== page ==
How far do you commute each day for the privilege of doing your part to push back the
frontiers of technical ignorance and to boldly go where no engineer - or technician - has gone before
infinitive by Roddenberry,
not me)? Do you know what the cost equates to you each year? This handy-dandy poster by the
folks at Streamline Refinance lays out some gruesome numbers. Those with a weak stomach probably
should pass on viewing this one. Here's a hint at what you will see: See that big $795 in the
thumbnail image? That's the average cost per year for commuting -- per mile! Yessiree, if
you live just 10 miles from work, you're losing nearly $8k per year, depending on you automobile
type, on gas, tires, maintenance, devaluation, and loss of your personal time
(which is valuable, after all). Back in the early 1990s I drove
45 miles each way to Comsat, which took about 65 minutes due to miserable traffic. That's 130 minutes
round-trip, or 2 hours and 10 minutes (about the run time of an average
movie) each day. Figuring two weeks
vacation and 10 holidays, that leave 48 weeks x 5 days/week = 240 days per year of commuting. 240 days x 130 minutes = 31,200 minutes = 520 hours per year. That's a fourth of a man-year
(2080 hours) on the
road. It was a great job, but combined with working 60-70 hours per week
(no paid overtime of course), it really took a toll on me. During that period I was
writing my world-famous RF
Workbench cascade analysis software at home, usually into the wee hours of the morning.
During the Comsat
era, I drove a crappy old Ford Escort (our only car) that suffered carburetor icing regularly when cresting
South Mountain in the winter,
Hagerstown to Germantown. It was lucky to get 25 mpg, even with a little 4-cylinder
engine. So, devaluation was pretty minimal since the car didn't have much value to begin with. Gas cost about $1.00 per gallon.
The fuel cost works out to $864 per year (best case for 21,600 miles). My salary was something like $35k per year as an engineer, with an after-tax net of maybe $30k per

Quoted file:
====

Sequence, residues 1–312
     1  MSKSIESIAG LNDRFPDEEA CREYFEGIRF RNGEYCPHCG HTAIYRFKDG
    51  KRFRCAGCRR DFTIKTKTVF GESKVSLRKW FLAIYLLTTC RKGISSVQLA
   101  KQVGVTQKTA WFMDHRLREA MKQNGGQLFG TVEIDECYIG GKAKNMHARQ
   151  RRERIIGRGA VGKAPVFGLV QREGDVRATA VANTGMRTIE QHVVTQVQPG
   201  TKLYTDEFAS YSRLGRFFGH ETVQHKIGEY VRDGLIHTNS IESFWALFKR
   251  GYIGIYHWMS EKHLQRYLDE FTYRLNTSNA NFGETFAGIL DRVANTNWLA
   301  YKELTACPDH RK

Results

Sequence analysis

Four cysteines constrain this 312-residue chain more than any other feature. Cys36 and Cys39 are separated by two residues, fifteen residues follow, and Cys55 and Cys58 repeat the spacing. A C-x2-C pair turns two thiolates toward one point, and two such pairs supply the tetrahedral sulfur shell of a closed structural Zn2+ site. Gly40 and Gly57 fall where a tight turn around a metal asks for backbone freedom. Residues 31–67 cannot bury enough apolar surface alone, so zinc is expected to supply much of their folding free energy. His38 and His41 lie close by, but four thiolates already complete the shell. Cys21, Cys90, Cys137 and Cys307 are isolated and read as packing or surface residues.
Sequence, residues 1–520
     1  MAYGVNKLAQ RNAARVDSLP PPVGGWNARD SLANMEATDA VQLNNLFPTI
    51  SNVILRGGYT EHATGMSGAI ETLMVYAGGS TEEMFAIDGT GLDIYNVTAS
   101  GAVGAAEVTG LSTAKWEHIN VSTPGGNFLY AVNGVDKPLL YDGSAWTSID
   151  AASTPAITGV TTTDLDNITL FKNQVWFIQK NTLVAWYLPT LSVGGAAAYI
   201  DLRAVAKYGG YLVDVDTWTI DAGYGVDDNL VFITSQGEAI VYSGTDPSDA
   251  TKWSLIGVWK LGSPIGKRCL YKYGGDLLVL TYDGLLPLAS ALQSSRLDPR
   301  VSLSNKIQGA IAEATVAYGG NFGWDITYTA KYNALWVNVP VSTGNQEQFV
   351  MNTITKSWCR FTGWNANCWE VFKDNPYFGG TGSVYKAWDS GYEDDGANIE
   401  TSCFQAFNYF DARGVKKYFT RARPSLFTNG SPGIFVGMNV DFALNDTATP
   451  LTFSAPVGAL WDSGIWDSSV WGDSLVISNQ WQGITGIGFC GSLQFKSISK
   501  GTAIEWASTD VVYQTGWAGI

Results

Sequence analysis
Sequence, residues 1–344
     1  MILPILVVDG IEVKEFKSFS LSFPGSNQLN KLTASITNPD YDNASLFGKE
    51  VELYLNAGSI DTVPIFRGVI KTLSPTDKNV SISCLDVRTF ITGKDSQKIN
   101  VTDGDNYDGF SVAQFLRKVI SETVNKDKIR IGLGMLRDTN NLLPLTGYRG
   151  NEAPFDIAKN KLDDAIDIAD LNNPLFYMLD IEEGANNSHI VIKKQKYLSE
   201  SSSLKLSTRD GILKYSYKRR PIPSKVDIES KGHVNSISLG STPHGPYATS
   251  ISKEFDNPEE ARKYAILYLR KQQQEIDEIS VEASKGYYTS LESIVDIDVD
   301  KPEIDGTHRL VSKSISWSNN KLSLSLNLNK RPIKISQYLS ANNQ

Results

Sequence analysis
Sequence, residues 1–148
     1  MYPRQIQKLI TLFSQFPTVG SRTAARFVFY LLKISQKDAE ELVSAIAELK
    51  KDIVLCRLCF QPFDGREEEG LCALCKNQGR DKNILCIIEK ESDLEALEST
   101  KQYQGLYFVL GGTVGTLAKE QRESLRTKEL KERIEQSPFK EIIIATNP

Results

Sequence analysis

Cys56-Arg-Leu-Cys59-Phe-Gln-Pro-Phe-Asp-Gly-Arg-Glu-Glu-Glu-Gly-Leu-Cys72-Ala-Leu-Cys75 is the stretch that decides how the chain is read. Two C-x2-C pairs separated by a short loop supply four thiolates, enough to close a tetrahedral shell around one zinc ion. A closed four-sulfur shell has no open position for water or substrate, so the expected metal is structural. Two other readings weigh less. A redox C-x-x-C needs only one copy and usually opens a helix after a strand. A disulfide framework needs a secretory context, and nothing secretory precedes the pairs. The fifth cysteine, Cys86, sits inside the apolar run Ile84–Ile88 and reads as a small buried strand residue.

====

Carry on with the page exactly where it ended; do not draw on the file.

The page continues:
year, so that really hurt the bottom line. In 1992, the IRS was allowing 29 cents per mile deduction for business
vehicles (for which I did not qualify), which
would be $6,264 for those 21,600 miles per year (90 miles round-trip per
day x 240 days), or around $940 at the 15% income tax rate - close to the actual gas
cost. After three years, I changed jobs since I could not afford to live in the much higher
cost region north of Washington D.C. BTW, there were quite a few guys who commuted even
farther than I did.
Keep in mind when calculating your own commuting cost that the motivation for the creation
of the poster is to convince you to sell your current house and buy a new one. That puts money
in the pockets of re-financiers like the Streamline Refinance folks, so numbers are put in the
most most shocking terms - yet credible in the worst case - as possible. In my opinion, the
greatest cost is in lost personal time on the road that could be spent at home with your
family, engaging in a hobby, starting your own business or even getting a little extra sleep. Even a 15-minute commute
consumes 120 hours per year, or the equivalent of three full work weeks per year! That's a
pretty staggering reality. For some people their job is their life, so commute time doesn't
matter. I'm not one of those people.
These items are an archive of past Topical Smorgasbord items that have appeared on the RF Cafe homepage. In keeping with
the "cafe" genre, these tidbits of information are truly a smorgasbord of topics. They all pertain to topics
that are related to the general engineering and science theme of RF Cafe.
Please send me an e-mail
if you have
a good subject.
Posted on 3/15/2013